Teju Cole's Essays Reflect a Global Perspective on Literature and Art

By Rankine, Claudia | International New York Times, August 19, 2016 | Go to article overview

Teju Cole's Essays Reflect a Global Perspective on Literature and Art


Rankine, Claudia, International New York Times


Teju Cole's essays reflect his global perspective on literature and art.

Known and Strange Things. Essays. By Teju Cole. Illustrated. 393 pages. Random House. Paperback. $17.

Teju Cole's captivating and lauded novels, "Open City" and "Every Day Is for the Thief," reflect his identity as a writer with a global perspective -- born in the United States and raised in Nigeria. His international access as an author, art historian and photographer -- one who also teaches and is a photography critic for The New York Times Magazine -- shapes not only his obsessions but, in a chicken-and-egg sense, determines his gaze. He takes in news from African countries and American cities; but also, by necessity and interest, Asian, European and Latin American culture and history. In short, the world belongs to Mr. Cole and is thornily and gloriously allied with his curiosity and his personhood.

"Known and Strange Things," his first collection of nonfiction, journeys through all the landscapes he has access to: international, personal, cultural, technological and emotional. When he feels homesick, he informs us in this book, he "visits" his parents in Nigeria through Google maps -- a sweet if distant form of connection.

In "The Anxiety of Influence," the renowned critic Harold Bloom argued that poets, especially those in the Western tradition since the Renaissance, necessarily negotiate the work of their predecessors as they write. "The precursors flood us," Mr. Bloom wrote, "and our imaginations can die by drowning in them, but no imaginative life is possible if such inundation is wholly evaded."

Mr. Cole shares Mr. Bloom's interest in the fraught and burdened relationship writers and artists have to our ancestors, and he seeks to answer yet another question: How does the imagination cross and recross racial and filial boundaries, and what does this crossing mean? With our ever-enlarging global access to the visions and voices and influences of others, Mr. Cole attempts to untangle the knot of who or what belongs to us and to whom or what do we belong as artists, thinkers and, finally, human beings.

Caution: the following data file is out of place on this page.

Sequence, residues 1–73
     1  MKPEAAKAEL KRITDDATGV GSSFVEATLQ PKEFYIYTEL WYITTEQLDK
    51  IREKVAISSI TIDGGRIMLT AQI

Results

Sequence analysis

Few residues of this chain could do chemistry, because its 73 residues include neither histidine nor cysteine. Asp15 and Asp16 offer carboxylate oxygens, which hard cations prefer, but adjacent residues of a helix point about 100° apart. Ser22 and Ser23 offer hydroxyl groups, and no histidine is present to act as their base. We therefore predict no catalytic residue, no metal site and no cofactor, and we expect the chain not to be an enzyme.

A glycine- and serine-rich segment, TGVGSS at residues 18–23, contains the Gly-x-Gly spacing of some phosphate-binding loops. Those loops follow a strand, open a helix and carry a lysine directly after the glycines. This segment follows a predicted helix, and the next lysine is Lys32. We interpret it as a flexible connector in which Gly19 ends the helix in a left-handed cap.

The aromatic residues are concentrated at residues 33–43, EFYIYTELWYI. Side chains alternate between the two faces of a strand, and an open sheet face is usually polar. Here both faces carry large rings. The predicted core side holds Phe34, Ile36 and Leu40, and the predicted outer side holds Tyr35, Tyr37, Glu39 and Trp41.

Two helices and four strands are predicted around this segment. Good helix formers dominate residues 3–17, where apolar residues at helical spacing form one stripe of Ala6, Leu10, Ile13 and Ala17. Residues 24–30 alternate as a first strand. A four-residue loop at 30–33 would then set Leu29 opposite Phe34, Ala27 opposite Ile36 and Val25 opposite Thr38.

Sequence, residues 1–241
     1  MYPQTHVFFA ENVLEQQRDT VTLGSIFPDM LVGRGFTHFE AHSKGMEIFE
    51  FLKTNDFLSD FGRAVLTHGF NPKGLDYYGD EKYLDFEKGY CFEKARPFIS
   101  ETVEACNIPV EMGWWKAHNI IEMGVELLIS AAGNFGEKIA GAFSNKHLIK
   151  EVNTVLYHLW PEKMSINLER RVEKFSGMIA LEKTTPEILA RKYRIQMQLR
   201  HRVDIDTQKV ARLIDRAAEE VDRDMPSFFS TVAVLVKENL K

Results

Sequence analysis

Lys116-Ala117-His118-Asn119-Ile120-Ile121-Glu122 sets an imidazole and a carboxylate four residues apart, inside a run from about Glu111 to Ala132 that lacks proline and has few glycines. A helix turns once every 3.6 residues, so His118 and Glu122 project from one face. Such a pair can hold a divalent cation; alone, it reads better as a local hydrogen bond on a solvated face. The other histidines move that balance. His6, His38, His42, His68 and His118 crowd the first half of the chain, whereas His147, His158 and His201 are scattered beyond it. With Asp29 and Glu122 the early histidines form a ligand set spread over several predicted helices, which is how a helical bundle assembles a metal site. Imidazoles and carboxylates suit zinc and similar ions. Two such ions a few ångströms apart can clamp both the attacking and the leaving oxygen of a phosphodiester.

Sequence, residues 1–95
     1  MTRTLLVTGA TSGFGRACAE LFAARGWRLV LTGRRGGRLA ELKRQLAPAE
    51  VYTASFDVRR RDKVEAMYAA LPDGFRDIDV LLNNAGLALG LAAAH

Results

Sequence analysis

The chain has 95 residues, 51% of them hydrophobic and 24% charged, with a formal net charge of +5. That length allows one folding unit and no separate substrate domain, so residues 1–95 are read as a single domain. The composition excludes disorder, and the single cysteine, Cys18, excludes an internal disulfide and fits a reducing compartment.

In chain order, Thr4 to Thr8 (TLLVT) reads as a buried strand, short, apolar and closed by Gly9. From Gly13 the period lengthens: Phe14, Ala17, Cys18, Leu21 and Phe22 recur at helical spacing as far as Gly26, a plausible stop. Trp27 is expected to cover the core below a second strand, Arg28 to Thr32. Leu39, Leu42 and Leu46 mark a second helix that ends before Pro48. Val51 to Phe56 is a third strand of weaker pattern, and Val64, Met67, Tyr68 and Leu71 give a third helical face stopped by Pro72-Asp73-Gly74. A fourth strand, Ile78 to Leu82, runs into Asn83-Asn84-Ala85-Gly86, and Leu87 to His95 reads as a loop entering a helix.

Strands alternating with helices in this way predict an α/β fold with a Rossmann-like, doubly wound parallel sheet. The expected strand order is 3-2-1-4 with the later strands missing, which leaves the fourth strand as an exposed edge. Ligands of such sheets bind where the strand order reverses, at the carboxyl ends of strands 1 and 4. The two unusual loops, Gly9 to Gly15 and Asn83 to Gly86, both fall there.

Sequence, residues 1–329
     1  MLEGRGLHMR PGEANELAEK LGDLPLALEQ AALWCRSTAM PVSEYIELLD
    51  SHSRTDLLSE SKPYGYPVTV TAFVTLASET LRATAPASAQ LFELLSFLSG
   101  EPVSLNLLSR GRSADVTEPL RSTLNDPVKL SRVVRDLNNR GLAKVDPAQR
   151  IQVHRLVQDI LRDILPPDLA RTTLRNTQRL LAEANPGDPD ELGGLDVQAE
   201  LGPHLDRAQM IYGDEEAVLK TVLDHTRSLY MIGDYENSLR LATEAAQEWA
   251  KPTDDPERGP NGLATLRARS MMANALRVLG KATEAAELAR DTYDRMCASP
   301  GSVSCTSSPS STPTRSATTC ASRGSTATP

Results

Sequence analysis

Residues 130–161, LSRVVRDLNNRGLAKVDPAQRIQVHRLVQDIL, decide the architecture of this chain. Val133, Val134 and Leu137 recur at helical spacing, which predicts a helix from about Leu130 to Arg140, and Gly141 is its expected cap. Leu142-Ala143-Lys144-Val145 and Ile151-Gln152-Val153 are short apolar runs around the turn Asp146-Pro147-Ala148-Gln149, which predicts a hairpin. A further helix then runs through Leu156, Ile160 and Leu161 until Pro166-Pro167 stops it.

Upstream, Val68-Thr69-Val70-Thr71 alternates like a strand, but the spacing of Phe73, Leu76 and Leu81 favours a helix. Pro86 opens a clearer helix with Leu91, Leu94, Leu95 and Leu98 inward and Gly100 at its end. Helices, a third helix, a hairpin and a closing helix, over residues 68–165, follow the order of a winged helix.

In this light, "Black Body," the opening essay, engages the "question of filiation" that tormented James Baldwin in his essay "Stranger in the Village." Baldwin, reflecting on his stay in the white-peopled Swiss village of Leukerbad, was moved to write that "the most illiterate among them is related, in a way I am not, to Dante, Shakespeare, Michelangelo. ... Out of their hymns and dances come Beethoven and Bach. Go back a few centuries and they are in their full glory -- but I am in Africa, watching the conquerors arrive."

Mr. Cole, revisiting the terrain of Leukerbad, pairs himself with Baldwin(also echoing, in his parenthesis, the poet Elizabeth Bishop's "One Art"): "I am black like him; and I am slender; and have a gap in my front teeth and am not especially tall (no, write it: short) ... and feel myself in all places, from New York City to rural Switzerland, the custodian of a black body, and have to find the language for all of what that means to me and to the people who look at me. The ancestor had briefly taken possession of the descendant."

But Mr. Cole soon distances himself from Baldwin's feeling of alienation. He states that Baldwin's "self-abnegation" prevents him from embracing Bach or Rembrandt, who Mr. Cole insists do not belong to one race. He might even care more about these artists "than some white people do," Mr. Cole writes.

The first section of the collection, "Reading Things," has Mr. Cole claiming filiation with a number of authors (all male) who prove important to him. In the case of many of them, influence begets influence. Along with Baldwin comes V.S. Naipaul ("The benevolent rheumy-eyed old soul: so fond of the word 'nigger,' so aggressive in his lack of sympathy toward Africa, so brutal in his treatment of woman"); Tomas Transtromer ("It's a good thing I'm unembarrassable about influence, because I realize now how many of Transtromer's concepts I have hidden away in my own work"); W. …

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